Can we ever really be defined by more than just our politically driven socio economic failures? What does it mean to be Zimbabwean? The answer to this single question is complex and at the same time obviously simple and clear. We are diverse, colourful, industrious, resilient and hopeful. Our adaptability and resilience is based on […]Read More What does it mean to be Zimbabwean?
When the first lady asked ‘Why shouldn’t I be president?’ what she was really saying, loud and proud, was “Turn down for what?” and boy did it set the chattering Zimbosphere alight. The phrase has toured the internet, television and radio, and rarely is it posed as a question to be answered. So, perhaps we […]Read More Amazing First Lady Grace
Zvinhu Zvirikufaya. Is it a celebration of the Zimbabwean industrious capacity to find humour in all situations? Or is it perhaps an indication of something altogether more disturbing? How else are we to interpret the show of pride as muzukuru demonstrates how he has succeeded in his effort to make homemade garlic bread or the […]Read More It’s all about money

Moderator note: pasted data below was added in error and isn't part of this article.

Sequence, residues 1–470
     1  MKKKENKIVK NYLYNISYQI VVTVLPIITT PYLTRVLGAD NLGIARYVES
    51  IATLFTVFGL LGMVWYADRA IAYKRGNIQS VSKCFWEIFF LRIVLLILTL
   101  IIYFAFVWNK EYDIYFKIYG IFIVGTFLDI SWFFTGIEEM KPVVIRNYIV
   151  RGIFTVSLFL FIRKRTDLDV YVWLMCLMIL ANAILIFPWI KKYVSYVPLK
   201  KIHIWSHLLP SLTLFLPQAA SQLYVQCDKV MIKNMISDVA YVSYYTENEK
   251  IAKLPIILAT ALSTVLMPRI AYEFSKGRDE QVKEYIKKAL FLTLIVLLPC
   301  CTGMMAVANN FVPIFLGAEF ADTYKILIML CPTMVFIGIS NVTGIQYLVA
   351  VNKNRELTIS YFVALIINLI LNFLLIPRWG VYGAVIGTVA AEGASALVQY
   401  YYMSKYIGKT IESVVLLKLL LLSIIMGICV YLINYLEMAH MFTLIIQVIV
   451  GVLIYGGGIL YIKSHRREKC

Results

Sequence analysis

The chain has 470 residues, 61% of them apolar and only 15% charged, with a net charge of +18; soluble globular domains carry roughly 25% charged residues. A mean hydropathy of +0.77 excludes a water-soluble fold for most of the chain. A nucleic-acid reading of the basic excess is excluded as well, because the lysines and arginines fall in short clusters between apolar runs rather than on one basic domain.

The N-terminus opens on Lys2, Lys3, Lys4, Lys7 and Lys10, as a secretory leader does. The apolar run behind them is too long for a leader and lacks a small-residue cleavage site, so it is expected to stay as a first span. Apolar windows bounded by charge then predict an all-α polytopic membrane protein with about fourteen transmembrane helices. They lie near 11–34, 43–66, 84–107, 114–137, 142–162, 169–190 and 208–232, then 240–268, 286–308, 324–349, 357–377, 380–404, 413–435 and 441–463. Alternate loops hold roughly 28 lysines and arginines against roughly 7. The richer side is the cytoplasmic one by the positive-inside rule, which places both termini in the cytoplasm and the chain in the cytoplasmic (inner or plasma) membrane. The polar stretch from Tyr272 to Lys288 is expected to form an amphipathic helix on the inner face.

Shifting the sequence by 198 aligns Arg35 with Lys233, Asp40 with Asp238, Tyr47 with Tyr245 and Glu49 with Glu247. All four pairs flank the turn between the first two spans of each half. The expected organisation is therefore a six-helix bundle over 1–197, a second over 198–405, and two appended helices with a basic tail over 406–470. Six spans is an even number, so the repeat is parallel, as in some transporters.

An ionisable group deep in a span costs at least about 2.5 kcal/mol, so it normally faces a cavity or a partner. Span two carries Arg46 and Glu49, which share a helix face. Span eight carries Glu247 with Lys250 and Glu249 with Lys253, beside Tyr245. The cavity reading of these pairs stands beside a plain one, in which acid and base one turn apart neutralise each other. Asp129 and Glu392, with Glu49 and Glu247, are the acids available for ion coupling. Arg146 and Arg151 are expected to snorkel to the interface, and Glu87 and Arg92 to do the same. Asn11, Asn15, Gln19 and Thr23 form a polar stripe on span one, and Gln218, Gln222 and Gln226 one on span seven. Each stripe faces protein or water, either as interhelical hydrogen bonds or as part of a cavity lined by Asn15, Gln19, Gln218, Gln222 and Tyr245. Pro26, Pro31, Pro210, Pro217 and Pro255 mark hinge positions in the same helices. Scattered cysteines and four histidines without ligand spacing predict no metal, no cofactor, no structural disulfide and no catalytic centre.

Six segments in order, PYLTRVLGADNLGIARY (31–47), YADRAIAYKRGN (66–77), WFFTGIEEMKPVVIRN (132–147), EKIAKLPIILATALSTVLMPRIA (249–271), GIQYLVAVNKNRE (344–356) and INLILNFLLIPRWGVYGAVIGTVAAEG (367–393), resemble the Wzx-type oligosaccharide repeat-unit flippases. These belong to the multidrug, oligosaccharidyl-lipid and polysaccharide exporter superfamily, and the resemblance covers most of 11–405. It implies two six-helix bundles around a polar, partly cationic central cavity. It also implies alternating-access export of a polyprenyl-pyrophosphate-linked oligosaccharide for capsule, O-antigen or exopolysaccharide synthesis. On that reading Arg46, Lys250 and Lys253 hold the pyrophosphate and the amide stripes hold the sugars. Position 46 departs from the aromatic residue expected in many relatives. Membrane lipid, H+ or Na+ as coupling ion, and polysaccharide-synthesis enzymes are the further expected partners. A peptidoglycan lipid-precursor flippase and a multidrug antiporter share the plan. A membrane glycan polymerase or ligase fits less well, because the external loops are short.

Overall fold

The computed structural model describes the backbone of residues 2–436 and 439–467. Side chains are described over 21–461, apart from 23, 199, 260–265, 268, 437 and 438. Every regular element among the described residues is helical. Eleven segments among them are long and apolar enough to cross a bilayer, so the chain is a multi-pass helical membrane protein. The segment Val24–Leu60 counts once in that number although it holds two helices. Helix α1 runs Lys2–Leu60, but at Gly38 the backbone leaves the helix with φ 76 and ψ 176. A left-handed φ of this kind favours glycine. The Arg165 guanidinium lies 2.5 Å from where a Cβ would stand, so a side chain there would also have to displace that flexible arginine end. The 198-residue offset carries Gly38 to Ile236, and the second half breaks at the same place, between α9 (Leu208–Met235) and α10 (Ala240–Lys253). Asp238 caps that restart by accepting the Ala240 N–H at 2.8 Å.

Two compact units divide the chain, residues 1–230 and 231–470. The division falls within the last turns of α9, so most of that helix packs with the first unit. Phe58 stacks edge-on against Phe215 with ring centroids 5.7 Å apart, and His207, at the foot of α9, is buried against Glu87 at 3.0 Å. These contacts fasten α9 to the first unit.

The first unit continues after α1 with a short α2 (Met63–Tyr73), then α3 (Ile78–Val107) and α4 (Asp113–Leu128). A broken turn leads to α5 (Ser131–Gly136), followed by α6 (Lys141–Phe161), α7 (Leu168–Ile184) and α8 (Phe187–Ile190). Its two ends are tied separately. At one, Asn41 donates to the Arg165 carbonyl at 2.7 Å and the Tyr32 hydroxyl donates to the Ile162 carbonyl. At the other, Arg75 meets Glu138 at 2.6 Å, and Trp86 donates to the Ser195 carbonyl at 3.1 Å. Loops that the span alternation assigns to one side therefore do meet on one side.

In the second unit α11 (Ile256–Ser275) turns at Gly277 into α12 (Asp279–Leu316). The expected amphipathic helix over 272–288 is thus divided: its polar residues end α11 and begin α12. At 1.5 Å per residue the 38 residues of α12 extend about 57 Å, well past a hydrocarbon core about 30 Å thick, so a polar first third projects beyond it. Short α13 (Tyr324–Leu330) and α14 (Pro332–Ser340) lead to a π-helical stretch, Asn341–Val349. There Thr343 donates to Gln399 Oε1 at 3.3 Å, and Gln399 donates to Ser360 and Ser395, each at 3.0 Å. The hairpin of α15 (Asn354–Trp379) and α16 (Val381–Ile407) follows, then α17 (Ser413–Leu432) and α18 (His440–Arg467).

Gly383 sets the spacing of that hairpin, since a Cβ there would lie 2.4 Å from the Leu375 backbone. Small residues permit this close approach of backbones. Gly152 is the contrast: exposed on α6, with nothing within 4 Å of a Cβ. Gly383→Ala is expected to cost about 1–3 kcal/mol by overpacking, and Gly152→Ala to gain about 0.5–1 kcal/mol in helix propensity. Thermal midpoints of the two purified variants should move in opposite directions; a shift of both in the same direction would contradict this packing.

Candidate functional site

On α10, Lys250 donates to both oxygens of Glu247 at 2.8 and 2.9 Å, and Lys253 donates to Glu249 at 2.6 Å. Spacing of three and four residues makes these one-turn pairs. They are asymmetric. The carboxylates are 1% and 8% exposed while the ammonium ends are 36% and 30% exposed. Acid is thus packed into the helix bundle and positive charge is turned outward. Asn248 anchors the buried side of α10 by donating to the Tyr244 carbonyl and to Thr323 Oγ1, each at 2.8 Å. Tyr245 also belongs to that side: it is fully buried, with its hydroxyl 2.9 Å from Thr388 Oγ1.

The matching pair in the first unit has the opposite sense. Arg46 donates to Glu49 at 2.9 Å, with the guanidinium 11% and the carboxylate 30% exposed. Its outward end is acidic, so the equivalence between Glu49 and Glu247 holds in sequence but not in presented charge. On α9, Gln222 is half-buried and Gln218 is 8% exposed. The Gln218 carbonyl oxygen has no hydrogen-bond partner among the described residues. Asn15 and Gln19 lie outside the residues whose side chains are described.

The state control of the media and suppression of the free press form part of the battle in the on-going war for a democratic Zimbabwe. This is a battle of wills between those who believe in democratic values and those who believe democracy is an enemy of the state and that its values belong to […]Read More Battle of wills for control of media
We will never know if the ruling party foresaw the post-2000 crisis, marked by mass migration or indeed the continued social decay and exodus of the second wave in 2008. We will probably also never know if they anticipated the influx of cash returning to the country via remittances. We can debate the level […]Read More Diaspora remittances fall
Despite widespread corruption, pestilence and death, sub-Saharan Africa has remained largely unaffected by the Arab Spring. So unaffected that you would be forgiven for thinking Tunisia, Algeria and Egypt were not rock and soil on the African continent. That isn’t to say Zimbabweans didn’t dare to dream, think or talk about revolution – they did, […]Read More We are all Baba Jukwa